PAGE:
Marianne: “Can he love her? Can the soul really be satisfied with such polite affections? To love is to burn, to be on fire. Like Juliet, or Guinevere, or Eloise.”
Mrs. Dashwood: “Well, they met rather pathetic ends, dear.”
Marianne: “Pathetic? To die for love? How can you say so? What could be more glorious?”
I am such a Marianne whenever it comes to life and love, with romantic sensibilities and emotions always overtaking reason and restraint. And the fact that her character was played by the brilliant Kate Winslet (faney alert!) was just the cherry on top.
This is definitely one of my all-time favorite films from one of my all-time favorite directors. The divine English cast (Emma Thompson, Hugh Grant, Gemma Jones, Elizabeth Spriggs, Hugh Laurie, Imelda Staunton, etc.) was such a treat to watch.
Thompson won an Oscar for this smart and funny adaptation and if you’re still doubting her acting/writing talent, just Google her 1996 Golden Globe Best Screenplay speech.
I always reference this classic film whenever someone would ask me why I do not eat lechon (or liempo, crispy pata, sisig, etc.) even if it’s far from the truth (I just don’t like the texture of pork). Besides, I love a good plate of bacon.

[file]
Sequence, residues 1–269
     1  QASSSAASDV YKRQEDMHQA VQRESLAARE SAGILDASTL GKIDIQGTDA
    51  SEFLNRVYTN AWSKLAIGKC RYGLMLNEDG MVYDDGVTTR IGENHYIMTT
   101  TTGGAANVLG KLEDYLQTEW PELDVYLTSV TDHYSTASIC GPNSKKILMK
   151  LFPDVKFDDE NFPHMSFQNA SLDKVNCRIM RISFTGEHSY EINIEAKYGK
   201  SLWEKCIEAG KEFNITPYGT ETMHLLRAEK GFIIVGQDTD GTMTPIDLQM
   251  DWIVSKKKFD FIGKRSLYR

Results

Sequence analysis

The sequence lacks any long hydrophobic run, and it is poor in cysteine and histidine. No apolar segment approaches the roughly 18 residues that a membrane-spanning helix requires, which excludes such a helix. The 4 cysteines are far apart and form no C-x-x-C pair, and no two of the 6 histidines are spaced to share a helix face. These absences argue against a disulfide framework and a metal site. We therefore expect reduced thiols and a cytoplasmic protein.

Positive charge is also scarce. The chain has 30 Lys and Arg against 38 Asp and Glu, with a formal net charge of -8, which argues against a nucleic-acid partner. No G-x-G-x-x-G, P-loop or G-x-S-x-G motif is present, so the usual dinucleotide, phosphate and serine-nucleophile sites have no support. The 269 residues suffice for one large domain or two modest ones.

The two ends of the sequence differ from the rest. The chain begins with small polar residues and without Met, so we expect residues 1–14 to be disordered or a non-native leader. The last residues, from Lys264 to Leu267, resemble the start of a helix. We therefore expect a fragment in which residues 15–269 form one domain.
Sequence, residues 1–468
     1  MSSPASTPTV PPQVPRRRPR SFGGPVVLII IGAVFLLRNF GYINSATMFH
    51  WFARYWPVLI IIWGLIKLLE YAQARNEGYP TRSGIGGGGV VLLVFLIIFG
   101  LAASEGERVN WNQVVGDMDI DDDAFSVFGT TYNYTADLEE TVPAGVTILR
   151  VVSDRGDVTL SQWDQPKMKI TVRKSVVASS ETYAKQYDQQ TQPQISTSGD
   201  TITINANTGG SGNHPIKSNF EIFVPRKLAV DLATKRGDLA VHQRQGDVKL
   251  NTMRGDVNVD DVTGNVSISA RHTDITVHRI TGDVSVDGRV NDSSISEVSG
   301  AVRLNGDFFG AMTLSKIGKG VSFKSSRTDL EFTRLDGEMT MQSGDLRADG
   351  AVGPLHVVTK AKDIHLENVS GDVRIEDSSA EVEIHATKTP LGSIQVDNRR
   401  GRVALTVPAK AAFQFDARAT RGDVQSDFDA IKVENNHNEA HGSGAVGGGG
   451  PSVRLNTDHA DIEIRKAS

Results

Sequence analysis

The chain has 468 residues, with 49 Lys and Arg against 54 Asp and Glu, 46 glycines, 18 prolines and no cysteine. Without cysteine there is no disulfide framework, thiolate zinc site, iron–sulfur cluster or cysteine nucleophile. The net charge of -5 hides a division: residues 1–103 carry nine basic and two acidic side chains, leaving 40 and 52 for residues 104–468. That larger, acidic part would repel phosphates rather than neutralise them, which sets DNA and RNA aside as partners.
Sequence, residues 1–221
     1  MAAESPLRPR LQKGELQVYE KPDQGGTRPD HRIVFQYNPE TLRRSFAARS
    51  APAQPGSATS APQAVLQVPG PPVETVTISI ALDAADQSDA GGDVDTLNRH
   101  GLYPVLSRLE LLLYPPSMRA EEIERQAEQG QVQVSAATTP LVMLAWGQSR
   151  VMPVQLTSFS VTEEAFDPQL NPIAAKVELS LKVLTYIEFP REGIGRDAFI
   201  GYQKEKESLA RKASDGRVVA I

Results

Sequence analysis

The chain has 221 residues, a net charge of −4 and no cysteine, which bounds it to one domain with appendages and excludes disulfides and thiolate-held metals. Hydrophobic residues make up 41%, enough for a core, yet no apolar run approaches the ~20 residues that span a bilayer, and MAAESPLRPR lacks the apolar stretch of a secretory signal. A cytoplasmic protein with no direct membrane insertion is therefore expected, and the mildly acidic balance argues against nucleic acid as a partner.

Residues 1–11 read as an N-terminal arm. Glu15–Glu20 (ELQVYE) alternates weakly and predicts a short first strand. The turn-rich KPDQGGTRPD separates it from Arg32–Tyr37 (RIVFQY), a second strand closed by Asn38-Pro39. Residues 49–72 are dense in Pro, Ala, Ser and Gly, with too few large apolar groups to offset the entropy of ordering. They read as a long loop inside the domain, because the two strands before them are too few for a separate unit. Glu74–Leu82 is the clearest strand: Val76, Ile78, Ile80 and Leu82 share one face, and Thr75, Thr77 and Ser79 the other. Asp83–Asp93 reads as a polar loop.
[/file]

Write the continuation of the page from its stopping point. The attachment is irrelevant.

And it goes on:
More than a lovely fable about every animal’s rightful place in the world, it’s an effective message on the values of respect, kindness, leadership, and even acceptance (Ferdinand the Duck wanted to be a rooster and Babe ended up as a sheepdog!).
I cried when Farmer Hoggett (aka Boss) bottle-fed Babe and started singing and dancing to cheer him up. I was obviously a mess by the time he delivered one of the most perfect lines to ever end a movie, “That’ll do, Pig. That’ll do.” Indeed.
If you were chosen by God to be His servant warrior in ridding the world of all evil, would you be willing to undertake the said task? As the rightful God’s Hand on earth, you would have the power to differentiate humans from demons (in sinful human form) just by mere touch. It would be your obligation to kill these wicked ones like a modern day, merciless, axe-wielding Abraham. Still up for it?